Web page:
NEWS OF THE WEEK.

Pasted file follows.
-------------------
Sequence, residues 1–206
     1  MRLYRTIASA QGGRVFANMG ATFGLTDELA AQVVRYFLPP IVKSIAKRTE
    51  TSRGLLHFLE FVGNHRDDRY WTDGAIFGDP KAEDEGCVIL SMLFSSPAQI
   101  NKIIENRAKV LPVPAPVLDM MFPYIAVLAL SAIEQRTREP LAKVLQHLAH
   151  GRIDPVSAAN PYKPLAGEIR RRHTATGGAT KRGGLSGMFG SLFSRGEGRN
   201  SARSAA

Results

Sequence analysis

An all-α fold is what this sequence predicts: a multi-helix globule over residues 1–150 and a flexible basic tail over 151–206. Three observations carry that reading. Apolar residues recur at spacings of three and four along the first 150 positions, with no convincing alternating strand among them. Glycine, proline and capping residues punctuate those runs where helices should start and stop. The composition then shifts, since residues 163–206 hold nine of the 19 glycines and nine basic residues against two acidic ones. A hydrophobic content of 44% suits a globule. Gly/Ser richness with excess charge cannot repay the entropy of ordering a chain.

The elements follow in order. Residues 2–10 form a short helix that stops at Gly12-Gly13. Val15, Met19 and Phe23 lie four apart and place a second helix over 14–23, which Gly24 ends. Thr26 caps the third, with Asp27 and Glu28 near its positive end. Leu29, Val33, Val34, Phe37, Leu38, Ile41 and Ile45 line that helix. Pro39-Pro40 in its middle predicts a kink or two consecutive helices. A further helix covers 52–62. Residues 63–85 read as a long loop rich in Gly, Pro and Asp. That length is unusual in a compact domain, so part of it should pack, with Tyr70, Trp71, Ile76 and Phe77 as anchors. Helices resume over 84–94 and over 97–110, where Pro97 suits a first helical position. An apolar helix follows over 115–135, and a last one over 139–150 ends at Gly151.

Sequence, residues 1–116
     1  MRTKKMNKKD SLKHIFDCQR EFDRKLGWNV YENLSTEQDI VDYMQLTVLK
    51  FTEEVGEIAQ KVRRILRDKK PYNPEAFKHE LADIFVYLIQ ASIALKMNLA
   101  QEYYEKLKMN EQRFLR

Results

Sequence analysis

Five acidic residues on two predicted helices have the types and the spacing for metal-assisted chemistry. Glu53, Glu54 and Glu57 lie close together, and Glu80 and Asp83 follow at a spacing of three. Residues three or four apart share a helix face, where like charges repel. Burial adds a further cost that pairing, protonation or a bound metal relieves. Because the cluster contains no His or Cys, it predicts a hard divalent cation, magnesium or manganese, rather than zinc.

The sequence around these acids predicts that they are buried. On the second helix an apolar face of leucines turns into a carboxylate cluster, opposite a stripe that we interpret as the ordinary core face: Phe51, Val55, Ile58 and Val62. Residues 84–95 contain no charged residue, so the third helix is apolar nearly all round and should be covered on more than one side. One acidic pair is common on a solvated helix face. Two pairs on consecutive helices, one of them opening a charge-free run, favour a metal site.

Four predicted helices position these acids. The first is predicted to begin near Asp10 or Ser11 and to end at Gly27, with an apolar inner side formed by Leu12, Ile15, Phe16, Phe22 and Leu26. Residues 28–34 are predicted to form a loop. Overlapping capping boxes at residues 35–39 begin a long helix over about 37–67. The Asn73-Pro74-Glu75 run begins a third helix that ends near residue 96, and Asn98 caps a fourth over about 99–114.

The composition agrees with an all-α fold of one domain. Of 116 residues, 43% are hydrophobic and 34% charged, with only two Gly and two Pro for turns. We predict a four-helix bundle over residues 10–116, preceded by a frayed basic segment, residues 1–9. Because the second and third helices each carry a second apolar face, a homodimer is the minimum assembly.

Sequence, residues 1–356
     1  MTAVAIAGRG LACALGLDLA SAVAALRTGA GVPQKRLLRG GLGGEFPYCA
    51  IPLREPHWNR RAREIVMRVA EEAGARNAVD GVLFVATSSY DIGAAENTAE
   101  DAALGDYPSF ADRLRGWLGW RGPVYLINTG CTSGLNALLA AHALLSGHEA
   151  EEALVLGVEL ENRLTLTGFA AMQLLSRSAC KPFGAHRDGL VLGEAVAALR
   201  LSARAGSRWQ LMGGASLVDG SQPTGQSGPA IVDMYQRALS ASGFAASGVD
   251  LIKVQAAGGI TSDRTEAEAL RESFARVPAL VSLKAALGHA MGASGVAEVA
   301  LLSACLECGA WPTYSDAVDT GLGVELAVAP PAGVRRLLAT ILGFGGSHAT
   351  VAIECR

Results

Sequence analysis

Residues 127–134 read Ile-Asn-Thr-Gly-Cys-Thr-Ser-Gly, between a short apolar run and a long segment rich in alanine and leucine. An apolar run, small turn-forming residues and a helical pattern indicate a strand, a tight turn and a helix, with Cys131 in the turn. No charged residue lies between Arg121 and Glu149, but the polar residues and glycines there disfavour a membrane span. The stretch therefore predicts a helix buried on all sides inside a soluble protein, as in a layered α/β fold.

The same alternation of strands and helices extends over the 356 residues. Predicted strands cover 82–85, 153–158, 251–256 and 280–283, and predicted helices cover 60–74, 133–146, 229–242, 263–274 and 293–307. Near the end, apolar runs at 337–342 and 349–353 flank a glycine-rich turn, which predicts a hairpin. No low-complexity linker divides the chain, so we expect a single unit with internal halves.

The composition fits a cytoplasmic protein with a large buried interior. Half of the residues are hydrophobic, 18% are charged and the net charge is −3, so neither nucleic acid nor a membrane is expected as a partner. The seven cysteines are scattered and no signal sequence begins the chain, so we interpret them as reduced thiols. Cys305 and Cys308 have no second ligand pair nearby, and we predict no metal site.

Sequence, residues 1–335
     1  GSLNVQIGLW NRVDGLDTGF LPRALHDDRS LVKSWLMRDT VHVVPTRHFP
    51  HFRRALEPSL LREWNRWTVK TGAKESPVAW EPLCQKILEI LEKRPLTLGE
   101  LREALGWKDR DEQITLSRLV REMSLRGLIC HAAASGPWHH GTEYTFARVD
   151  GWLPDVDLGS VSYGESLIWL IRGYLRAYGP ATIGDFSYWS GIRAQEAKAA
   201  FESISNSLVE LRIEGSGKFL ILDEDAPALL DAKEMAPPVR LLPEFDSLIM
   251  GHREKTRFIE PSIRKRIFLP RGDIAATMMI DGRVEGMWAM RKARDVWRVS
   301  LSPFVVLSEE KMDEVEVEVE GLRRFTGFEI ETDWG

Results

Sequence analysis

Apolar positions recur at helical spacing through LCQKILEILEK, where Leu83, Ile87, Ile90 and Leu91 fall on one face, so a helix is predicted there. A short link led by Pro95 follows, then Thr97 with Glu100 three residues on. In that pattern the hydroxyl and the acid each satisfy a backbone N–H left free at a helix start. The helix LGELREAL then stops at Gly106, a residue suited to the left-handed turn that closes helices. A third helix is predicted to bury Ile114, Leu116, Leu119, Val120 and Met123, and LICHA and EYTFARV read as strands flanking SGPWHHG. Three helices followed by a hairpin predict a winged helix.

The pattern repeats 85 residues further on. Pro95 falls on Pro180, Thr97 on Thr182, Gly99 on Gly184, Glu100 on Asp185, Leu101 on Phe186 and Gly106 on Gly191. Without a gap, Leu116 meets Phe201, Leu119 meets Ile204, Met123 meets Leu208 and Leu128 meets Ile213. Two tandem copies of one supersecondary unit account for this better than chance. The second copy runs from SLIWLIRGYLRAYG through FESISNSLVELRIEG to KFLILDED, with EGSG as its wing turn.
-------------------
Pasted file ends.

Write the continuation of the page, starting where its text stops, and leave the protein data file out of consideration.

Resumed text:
THE telegrams from the theatre of war show very satis- factory totals in regard to captures and surrenders, and the Times correspondent in Pretoria, telegraphing to Friday's paper, draws a picture of Boer demoralisation in the Eastern Transvaal which points to a collapse of the Boer resistance in that region. An intercepted letter from Viljoen to Mr. Schalk Burger shows that the spirit of surrender is -rife among the burghers. On the other hand, there has been an unpleasant little mishap. A detachment of the 2nd Dragoons get separated from General Gilbert Hamilton's main body and were badly cutup, the casualties being two officers severely wounded, two men killed, six wounded, and forty-six captured, but since released. That is, of course, annoying, but it would be most unfair to blame the force till we know more details. Unless our troops are venturesome we shall never end the war, and if they are venturesome they must occasionally be ambuscaded. At this stage of the war nothing must be done to deter men from taking risks by over-emphasising petty disasters. On the contrary, the commanders in the field must be encouraged to take chances,—provided always they are not the chances that come from sheer carelessness.